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Difficult homotopy question

  1. Feb 23, 2010 #1
    1. The problem statement, all variables and given/known data

    (i) Let [tex] A= (I\times I)/J[/tex] be the identification space of the unit square in which all points in the subspace [tex]J=(I\times \left\{1\right\})\cup(\left\{0,1\right\}\times I)[/tex] are identified. Use the circles [tex] C_t=\left\{(x,y)\in D^2|(x-t)^2+y^2=(1-t)^2 , t\in I\right\} [/tex] to construct a homeomorphism [tex] f:A \rightarrow D^2 [/tex] such that [tex] f[s,0]=(\cos 2\pi s,\sin 2\pi s), f[J]=(1,0),f[I\times \left\{t\right\}]=C_t [/tex]

    (ii) Regard [tex]S^1[/tex] as the identification space of I in which the points [tex] \left\{ 0,1 \right\} [/tex] are identified via the homeomorphism [tex] I/{\lef\t{ 0,1 \right\} } \rightarrow S^1 ; \rightarrow (\cos2 \pi s, \sin 2\pi s) [/tex]. Use (i) to prove that a based loop [tex] \omega: (S^1,(1,0)) \rightarrow (X,x) [/tex] is homotopic rel{(1,0)} to the constant based loop [tex] e_x: (S^1,(1,0) \rightarrow (X,x) [/tex] if and only if [tex] \omega [/tex] extends to a based map [tex] \Omega : (D^2,(1,0)) \rightarrow (X,x) [/tex]

    2. Relevant equations

    3. The attempt at a solution

    (i) The space A is the square with 3 sides identified to a point. The suggested homeomorphism maps the remaining side to the circle [tex] S^1 [/tex] and all other horizontal lines to circles centred at (t,0). Choose [tex] f[s,t] = (1-t)(\cos2 \pi s +t,\sin2\pi s) [/tex]. This satisfies the first and third of the conditions required in (i), but I'm not sure about the second. I'm not sure if the question requires a proof that this is a homeomorphism.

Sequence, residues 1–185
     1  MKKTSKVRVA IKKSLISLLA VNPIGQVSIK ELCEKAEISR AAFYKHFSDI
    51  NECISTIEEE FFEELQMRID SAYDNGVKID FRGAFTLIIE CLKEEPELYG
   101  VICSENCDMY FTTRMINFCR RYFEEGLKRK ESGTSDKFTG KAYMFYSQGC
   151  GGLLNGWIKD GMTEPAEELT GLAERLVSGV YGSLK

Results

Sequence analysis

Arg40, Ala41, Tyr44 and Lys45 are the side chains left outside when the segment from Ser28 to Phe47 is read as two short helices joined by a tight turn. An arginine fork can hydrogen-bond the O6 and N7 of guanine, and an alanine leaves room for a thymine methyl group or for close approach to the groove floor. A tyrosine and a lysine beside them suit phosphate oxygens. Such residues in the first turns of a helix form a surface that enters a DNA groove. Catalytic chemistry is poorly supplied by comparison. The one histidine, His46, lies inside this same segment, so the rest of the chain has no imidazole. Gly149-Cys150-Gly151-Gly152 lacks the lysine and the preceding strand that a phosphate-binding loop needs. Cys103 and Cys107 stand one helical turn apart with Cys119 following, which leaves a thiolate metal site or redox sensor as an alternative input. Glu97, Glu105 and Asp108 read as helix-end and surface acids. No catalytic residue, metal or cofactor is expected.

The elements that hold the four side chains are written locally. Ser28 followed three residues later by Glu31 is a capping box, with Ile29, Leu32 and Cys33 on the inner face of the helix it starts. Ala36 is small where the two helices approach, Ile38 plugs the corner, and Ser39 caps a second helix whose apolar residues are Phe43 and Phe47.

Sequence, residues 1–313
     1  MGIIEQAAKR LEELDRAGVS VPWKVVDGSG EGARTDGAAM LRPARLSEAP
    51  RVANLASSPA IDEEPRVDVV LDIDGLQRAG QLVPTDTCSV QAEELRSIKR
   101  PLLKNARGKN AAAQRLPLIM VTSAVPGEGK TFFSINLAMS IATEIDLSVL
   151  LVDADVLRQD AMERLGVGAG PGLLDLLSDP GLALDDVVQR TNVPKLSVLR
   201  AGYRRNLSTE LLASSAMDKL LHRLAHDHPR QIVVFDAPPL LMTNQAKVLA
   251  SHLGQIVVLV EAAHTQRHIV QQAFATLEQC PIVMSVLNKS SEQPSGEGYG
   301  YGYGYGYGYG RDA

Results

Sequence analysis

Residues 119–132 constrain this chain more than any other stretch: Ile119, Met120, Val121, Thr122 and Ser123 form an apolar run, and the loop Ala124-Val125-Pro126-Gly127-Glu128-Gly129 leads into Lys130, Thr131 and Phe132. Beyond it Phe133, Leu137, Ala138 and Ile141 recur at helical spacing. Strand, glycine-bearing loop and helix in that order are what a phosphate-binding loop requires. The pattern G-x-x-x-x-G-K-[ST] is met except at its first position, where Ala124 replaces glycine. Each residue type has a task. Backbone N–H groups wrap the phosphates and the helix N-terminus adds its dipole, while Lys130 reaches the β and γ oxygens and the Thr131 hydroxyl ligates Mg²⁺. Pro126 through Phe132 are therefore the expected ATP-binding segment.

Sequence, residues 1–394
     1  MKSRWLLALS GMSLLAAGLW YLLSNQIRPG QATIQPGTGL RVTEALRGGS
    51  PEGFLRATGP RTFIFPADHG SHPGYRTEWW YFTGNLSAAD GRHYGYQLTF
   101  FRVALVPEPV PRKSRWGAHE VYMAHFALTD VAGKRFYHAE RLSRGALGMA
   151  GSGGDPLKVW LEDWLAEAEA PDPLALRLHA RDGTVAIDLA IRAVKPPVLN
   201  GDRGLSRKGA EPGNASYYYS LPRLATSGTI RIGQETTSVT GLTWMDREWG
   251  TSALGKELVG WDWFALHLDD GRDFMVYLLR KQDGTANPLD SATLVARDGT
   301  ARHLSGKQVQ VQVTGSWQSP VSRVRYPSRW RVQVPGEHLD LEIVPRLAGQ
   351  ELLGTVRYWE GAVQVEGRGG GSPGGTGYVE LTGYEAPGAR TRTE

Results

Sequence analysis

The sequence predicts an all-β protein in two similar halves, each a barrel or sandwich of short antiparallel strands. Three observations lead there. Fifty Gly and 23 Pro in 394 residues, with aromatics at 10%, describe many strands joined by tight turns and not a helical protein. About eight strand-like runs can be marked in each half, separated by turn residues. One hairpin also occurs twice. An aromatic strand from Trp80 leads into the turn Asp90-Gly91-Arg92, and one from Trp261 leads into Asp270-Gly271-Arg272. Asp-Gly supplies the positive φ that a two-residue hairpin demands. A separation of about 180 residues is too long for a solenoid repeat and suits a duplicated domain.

(ii) I'm not sure about this part. Homeomorphic spaces are automatically homotopy equivalent. We can consider a loop [tex] \omega[/tex] as a function [tex] \alpha (t) = \omega (\cos 2\pi t, \sin 2 \pi t), \alpha (0) = \alpha(1) =x) [/tex] since the loop is based at x. So I think if I show that it has to extend to a map on the space A given above then it automatically has to extend to a map on the disk.
  2. jcsd
  3. Feb 24, 2010 #2
    Can no-one help with this one? I'm wondering what they mean by saying that the map "extends" to the disk. The homotopy given by considering the loop as a line with equal end-points is a map on the (identification space of) square, which I might try to relate to the disk in (i) through homeomorphism.
  4. Feb 24, 2010 #3
    Looks like that is exactly what you should try. "Extends" means that there is a continuous map of pointed spaces [tex]\Omega: (D^2, (1, 0)) \to (X, x))[/tex] such that [tex]\Omega[/tex] restricts to [tex]\omega[/tex] on [tex]S^1[/tex]: [tex]\Omega|_{S^1} = \omega[/tex].
  5. Feb 24, 2010 #4
    Your map does not satisfy the second condition in part (i): J contains the points (s,1) for all s, and your map takes all of these to (0,0). I think you are on the right track though. But you will need to show that this is a homeomorphism to answer the question fully.
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